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Covid-19: Guard of honour for healthcare assistant at Dublin hospital who died on Christmas Eve

Filipino native Mariter Tarugo worked in St Vincent’s Hospital.

Mariter Tarugo tested positive for the Covid-19 and had a stroke.
Mariter Tarugo tested positive for the Covid-19 and had a stroke.
Image: Go Fund Me

WARM TRIBUTES HAVE been paid to a 60-year-old healthcare assistant at St Vincent’s Hospital in Dublin who passed away from Covid-19 on Christmas Eve.

Filipino native Mariter Tarugo, who lived in Dalkey, worked on St Andrew’s Ward in the hospital.

She was admitted to her workplace as a patient a week ago and battled with the virus until her passing on 24 December. Her husband has also fought the virus.

Ms Tarugo is survived by her husband Nicolas, her daughter Nice and her grandchildren Axl Ezekiel and Arabella Faith, son in law Albert and her extended family, relatives and friends across the world.

Her funeral took place yesterday but government restrictions meant that only 10 people could attend. Her colleagues formed a socially distanced guard of honour outside the hospital mortuary. The funeral was also live streamed.

A Go Fund me page was set up to help the family of the late Ms Tarugo with funeral costs and other associated expenses.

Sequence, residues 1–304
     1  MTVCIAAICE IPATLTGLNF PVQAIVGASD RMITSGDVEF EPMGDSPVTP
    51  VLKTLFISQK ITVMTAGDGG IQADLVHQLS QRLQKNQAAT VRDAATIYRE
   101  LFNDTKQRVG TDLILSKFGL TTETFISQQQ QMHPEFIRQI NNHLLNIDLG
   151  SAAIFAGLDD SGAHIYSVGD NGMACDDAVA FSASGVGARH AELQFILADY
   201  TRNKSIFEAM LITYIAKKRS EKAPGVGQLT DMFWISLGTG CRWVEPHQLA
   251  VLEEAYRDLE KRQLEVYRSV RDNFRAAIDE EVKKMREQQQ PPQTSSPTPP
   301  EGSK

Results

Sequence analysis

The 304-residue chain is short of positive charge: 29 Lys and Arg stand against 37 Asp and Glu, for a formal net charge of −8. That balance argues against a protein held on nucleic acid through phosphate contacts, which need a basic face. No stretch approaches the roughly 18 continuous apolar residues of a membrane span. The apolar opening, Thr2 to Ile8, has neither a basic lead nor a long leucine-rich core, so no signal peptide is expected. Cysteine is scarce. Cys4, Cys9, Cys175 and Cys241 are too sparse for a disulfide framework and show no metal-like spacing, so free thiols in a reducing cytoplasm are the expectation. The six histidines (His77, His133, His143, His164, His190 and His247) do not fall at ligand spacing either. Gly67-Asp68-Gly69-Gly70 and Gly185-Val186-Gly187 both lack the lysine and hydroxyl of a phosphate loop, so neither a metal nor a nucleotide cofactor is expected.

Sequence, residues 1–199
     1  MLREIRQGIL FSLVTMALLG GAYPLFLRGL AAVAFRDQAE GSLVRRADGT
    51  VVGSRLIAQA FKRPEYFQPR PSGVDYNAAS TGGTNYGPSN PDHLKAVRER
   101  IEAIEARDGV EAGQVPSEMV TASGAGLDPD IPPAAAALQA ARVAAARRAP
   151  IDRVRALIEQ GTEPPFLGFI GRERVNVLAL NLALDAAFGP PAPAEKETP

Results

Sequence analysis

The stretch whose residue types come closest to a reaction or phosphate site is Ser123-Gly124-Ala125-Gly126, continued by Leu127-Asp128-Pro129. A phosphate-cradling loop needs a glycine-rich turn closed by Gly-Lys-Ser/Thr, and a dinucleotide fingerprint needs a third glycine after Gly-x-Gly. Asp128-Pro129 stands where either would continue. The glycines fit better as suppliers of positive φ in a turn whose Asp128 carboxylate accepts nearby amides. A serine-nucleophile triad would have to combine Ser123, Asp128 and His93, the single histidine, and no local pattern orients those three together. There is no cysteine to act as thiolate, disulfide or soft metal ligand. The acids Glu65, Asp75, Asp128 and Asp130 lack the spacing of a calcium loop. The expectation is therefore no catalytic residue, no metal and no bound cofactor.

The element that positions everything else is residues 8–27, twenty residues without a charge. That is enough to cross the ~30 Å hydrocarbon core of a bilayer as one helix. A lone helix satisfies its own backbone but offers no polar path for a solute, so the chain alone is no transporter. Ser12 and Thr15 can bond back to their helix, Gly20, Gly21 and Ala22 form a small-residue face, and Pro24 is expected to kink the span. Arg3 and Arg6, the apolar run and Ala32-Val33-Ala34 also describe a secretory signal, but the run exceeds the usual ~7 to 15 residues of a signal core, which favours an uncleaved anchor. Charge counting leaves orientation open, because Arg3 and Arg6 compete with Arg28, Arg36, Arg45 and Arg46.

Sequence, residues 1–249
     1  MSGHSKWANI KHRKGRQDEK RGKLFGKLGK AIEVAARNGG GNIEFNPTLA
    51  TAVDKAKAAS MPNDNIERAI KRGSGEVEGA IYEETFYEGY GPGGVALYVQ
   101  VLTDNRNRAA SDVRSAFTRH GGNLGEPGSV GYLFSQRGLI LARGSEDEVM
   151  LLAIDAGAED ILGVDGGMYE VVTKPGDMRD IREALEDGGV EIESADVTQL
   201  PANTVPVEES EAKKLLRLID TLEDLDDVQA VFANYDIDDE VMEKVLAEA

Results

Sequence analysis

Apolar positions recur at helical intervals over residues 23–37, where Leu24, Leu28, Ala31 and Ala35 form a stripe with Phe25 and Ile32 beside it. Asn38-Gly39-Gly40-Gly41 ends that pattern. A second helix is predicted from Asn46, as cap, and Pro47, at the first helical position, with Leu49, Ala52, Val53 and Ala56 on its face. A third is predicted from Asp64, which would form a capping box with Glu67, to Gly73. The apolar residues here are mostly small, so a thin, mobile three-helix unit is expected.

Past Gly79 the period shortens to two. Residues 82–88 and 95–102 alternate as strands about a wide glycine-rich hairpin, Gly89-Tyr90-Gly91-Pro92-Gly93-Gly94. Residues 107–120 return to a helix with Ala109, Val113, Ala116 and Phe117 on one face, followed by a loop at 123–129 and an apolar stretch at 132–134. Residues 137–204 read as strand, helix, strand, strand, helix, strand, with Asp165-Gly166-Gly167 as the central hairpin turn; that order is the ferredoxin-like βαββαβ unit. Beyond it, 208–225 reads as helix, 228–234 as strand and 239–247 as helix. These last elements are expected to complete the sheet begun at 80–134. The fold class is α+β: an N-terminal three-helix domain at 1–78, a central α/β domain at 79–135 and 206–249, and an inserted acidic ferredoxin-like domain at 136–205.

Organiser Jemimah Bungabong said Ms Tarugo worked for almost twenty years in the healthcare sector in her adopted home of Dublin.

“A hardworking, kind-hearted, strong and selfless woman. She was also my mom’s best friend, rock and acted like a big sister to her. She has helped and touched many people in her life, including me. Taught me so many life lessons.

She tested positive for the Covid-19, eventually had a stroke and was in ICU for a few days. Her husband also tested positive and is still recovering. Her situation quickly got worse. Unfortunately, on Christmas Eve, she died and was surrounded by her loving family.

“It was all unexpected and we are all still shocked that she is gone. I decided to help her family. Her family need all the help they can get to cover expenses and help them back up in their feet. I know this is a difficult time for everyone but every little helps.”

The Philippine Consulate in Ireland has also shared condolences to Ms Tarugo’s family. 

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“We offer her daughter Nice, husband Nicolas, and grandchildren Axl and Arabella our thoughts and prayers during this dark time in their lives.

May care and love of those around them provide comfort and peace to get them through the days ahead. Remembering the wonderful and gentle soul of Mariter Tarugo will forever remain in our hearts. May she rest in peace. 

Some 6,000 Filipinos work as nurses in Irish hospitals. Raymond Garrett, the consulate’s honorary consul, said earlier this year that many ICU teams in Irish hospitals are made up of more than 50% of Filipino staff.

Meanwhile, the Support for Nurses, Midwives and Frontline Staff in Ireland Facebook page, which has over 100,000 followers, also posted a tribute to the late nurse.

“Mariter thank you so very much for helping so many through their illnesses. Thank you for so bravely helping so many who were hospitalised with Covid. Your work on this earth is done. God has called you home,” the post said. 

About the author:

Olivia Kelleher

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